We need to talk.
First of all, please understand that your mother and I love you very much, so this is hard to say. The thing is—sometimes in a marriage…. Okay. See, at some point in the future, your mother and I will go though hard times and—there's no easy way to say this—we are going to get a divorce.
And you will never see it coming.
Now, now, don't get upset. We're not getting divorced right now. No, your mother and I are very much in love and are determined to make this marriage work. Also, you're expecting it now, so there would be absolutely no element of surprise. I'm not going to throw away a beautiful, healthy marriage of 22 years for anything less than complete and total shock.
I know this is difficult for you to hear. And believe me, it will be difficult for us, too. Very difficult. We have to pick the perfect time to catch you totally off guard. That means waiting long enough to make sure you've all but forgotten this conversation and are feeling fairly content, but not so long that you're too old to fully experience the sudden-and-completely-unexpected-shattering-of-your-young-psyches feeling we're going for. That takes some delicate planning, but your mother and I love you very much, so we're willing to put in the effort.
Right now, our marriage is all smooth sailing. But as time goes by, and you children are lulled into a false sense of security, we'll start to grow apart. Don't worry; we'll do our darnedest to keep it from you, otherwise you'll know it's coming. You won't see us attending marriage counseling or even engaging in a single fight, because that would be a dead giveaway. No, we'll be one big happy family until, one day, when you've let your guard down, we'll inform you it just isn't working out.
It's going to be horrible for you.
It might be right after you come home from school, it might happen during an otherwise ordinary family dinner—hell, it might come tomorrow, for all you know. One thing is for sure: The collapse of our marriage is going to hit you kids like a ton of bricks.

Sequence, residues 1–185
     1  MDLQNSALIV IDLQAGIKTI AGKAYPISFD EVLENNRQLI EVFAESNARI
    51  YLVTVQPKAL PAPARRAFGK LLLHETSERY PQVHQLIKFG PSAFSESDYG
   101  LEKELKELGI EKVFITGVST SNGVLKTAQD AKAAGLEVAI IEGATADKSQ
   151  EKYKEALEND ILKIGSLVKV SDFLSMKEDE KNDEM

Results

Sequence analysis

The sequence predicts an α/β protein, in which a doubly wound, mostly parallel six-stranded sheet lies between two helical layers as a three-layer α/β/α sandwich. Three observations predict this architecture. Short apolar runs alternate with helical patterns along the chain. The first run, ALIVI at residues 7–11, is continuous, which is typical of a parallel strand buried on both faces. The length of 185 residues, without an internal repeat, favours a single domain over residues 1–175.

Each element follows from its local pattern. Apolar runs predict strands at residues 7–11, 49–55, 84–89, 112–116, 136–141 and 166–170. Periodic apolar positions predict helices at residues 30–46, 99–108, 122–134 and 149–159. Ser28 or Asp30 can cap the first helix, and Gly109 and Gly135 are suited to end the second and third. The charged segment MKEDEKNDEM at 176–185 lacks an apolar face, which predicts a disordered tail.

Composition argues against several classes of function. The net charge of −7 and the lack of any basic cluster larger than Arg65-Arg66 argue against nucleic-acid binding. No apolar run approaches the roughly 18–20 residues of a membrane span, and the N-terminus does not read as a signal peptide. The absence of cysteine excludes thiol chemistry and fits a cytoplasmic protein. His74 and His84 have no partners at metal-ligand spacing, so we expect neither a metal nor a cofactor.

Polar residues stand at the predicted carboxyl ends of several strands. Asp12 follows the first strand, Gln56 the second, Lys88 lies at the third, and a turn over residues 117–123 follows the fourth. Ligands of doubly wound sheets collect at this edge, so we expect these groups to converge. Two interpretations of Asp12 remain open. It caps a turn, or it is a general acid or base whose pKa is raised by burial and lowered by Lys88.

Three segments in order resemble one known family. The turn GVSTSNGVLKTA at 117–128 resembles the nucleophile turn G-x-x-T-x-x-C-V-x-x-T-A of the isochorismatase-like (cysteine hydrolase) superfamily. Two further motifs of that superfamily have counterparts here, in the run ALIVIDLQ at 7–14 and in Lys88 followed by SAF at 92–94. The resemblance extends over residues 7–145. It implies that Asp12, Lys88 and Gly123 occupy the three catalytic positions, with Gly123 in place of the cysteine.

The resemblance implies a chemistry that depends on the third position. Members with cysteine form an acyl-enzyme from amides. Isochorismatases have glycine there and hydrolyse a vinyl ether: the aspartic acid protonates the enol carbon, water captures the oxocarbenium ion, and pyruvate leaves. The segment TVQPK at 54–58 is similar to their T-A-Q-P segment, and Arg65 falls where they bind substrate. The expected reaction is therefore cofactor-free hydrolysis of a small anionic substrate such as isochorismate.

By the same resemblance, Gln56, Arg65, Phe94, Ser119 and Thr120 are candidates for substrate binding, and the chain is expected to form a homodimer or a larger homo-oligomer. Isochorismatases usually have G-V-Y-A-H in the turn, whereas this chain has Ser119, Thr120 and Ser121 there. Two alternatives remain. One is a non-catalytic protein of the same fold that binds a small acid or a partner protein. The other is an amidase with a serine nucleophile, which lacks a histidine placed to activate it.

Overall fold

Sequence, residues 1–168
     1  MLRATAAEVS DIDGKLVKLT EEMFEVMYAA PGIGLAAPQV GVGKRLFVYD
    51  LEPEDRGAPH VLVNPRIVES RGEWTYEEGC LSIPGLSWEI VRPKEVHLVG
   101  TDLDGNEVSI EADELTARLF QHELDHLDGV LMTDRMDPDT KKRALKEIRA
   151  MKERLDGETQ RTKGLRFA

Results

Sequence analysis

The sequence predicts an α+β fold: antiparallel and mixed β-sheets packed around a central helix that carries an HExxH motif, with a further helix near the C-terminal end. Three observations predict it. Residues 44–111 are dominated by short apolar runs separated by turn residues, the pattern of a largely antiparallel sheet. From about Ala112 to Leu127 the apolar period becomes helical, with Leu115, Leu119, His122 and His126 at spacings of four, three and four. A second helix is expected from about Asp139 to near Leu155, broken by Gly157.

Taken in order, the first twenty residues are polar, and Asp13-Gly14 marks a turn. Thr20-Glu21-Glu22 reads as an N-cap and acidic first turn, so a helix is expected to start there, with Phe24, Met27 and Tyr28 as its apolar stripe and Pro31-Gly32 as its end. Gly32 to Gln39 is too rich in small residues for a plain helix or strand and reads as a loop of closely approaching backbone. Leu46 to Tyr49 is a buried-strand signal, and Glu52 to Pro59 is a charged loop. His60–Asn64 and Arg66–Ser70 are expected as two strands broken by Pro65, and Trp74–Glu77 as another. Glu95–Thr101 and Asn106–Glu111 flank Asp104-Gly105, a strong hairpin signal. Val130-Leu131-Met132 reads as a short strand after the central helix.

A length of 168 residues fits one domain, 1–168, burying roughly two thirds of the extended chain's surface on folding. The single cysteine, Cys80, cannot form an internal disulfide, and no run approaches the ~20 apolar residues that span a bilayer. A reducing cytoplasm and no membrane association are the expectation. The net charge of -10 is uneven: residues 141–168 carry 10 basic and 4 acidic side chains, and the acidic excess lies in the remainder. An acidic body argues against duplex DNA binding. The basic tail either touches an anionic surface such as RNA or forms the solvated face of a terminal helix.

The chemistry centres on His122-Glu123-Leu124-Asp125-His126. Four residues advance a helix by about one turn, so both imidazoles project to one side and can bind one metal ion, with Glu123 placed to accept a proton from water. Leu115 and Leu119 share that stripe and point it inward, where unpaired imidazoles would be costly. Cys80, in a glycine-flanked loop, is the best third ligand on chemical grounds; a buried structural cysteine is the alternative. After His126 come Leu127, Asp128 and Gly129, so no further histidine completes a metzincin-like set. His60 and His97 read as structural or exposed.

Sure, we'll consider staying together for your sake, but in the end, we'll decide that keeping up pretenses will just do you more harm than good and that you're adequately distracted by Henry's birthday party coming up. Hey, we might even tell you during the birthday party. Can you imagine how surprising it's going to be when we bring out the cake and tell you in front of all your friends that Daddy is going to stay at his friend's house for a while?
There's no reason to cry now. There will be plenty of time for that when the moment is just right and we break the vows we took to stay together forever. Until then, you should put away all that sadness and return to the blissful, naïve belief that your parents will beat the statistical odds and never split up. The sooner you can move on like nothing's happened, the sooner we can disrupt the only sense of security you've ever known.
It will, when we finally do decide to break it off and send you into a nosedive of insecurity, shame, and confusion, be for the best.
Don't drive yourself crazy trying to change things, because there's probably nothing you can do about it. I'm not going to lie, though. If you eat all your vegetables and go to bed without any fuss, it might reduce the stress we have in our lives and better equip us for the day-to-day problems any marriage faces. Maybe.
But in the immediate future, there's nothing you can do. It's best just to forget about this and move on like nothing happened. Because nothing did happen. But it will.
Now, who wants some ice cream?